Honey, I Shrunk The Company
By Ron Melcher and Mark Fiquett, Step3 Consulting
As we emerge from unprecedented economic decline, past experience and common sense suggest that growth in these better times will not come without hardship. Many companies were forced to take quick measures to reduce costs, and this approach often has negative consequences in terms of operating risks down the road.
A number of the more salient risks include:
- Reductions in workforce impact the institutional knowledge of an organization, particularly as many companies do not have the requisite standardization of roles and responsibilities and best practices. As their volumes return, companies lack the talent that they previously possessed, and adding untrained labor to the process impacts quality, productivity, and customer service.
- Companies who pride themselves on possessing a certain culture will be surprised at the erosion of that asset. Traditional work covenants have been harmed, and a loss of shared ethics and values impacts the workplace. Leadership will appear diminished due to a general lack of trust by the workforce.
- Even employees who were seemingly unhurt by the economy may see opportunities to “jump ship” in an improved economy. This may be tied to a loss of respect for, or confidence in, their company’s leadership, or even the departure of key leaders.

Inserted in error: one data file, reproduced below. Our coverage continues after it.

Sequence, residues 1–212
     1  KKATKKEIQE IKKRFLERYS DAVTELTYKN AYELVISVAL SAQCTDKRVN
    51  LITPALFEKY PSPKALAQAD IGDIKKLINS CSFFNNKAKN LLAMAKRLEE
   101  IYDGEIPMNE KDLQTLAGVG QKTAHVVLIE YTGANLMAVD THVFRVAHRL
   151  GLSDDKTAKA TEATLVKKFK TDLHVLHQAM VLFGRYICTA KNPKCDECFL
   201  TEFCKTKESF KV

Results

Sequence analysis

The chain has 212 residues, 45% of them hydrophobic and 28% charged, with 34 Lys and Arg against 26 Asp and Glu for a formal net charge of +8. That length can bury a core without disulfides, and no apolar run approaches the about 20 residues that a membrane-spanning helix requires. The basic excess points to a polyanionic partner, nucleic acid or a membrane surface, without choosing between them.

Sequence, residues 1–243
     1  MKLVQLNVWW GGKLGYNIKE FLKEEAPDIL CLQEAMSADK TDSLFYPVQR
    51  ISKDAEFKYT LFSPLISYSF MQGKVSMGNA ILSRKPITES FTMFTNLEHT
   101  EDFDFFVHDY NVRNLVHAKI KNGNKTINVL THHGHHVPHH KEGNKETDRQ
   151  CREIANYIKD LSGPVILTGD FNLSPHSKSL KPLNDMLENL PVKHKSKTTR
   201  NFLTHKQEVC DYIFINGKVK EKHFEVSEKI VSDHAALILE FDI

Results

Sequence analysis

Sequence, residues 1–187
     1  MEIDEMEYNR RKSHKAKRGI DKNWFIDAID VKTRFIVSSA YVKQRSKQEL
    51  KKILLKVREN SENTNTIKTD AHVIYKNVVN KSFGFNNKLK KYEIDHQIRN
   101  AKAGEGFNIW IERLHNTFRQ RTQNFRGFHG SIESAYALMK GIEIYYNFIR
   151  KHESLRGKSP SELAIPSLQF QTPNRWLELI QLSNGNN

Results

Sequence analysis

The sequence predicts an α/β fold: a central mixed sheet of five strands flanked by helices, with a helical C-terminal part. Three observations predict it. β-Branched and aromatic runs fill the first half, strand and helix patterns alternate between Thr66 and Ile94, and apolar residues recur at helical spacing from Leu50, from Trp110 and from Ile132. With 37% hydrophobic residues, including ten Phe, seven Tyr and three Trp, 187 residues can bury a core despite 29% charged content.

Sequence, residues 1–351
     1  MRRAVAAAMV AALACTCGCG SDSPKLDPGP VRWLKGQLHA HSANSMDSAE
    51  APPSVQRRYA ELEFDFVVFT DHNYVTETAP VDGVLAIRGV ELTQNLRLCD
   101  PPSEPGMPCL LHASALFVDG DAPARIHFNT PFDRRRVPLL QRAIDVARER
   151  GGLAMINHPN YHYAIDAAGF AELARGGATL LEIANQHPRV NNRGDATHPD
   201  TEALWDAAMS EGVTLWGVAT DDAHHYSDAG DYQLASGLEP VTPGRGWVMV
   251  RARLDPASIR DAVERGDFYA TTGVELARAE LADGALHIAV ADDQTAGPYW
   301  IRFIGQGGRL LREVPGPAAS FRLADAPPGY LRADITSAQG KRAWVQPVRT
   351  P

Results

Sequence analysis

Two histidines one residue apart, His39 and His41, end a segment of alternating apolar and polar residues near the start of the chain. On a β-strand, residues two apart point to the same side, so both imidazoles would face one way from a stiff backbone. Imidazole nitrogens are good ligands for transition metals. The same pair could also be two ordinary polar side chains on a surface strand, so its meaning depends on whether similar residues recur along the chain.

- In an asset-intensive environment, reduction in maintenance budgets during the downturn will lead to a non-predictable maintenance environment, leaving unplanned downtime and breakdowns in its wake. Many less strategic assets will have been cannibalized and capacity may be limited.
- Customer service and on-time delivery may be impacted by the lack of capability within the company’s supply chain. Suppliers will inevitably face the same challenges that are discussed above, and along with resultant credit issues, will impact their ability to provide raw materials, components and services in a consistent way with appropriate timeliness and quality.
- Prior efforts to implement tools such as lean manufacturing and Six Sigma may have been allowed to lapse, and budgets and operating plans now include standards and cycle times that can no longer be attained.
- Quality systems are no longer robust, and cost of quality and first-time yield levels may hinder profitability targets and service levels.
- Forward-looking development efforts may have been reduced during the downturn, and the company may lose its competitive advantage and perception as a market leader.
- As they leave, development resources may carry portable knowledge and platforms to competitive firms.
- Launch processes may be impacted due to loss of key resources and reduced operational capabilities.
Even companies that invested in robust operational performance improvement platforms prior to the downturn may need to re-institutionalize these practices. Operational excellence leaders may have left or been let go due to cutbacks. Those that are left may no longer be willing to risk leading change.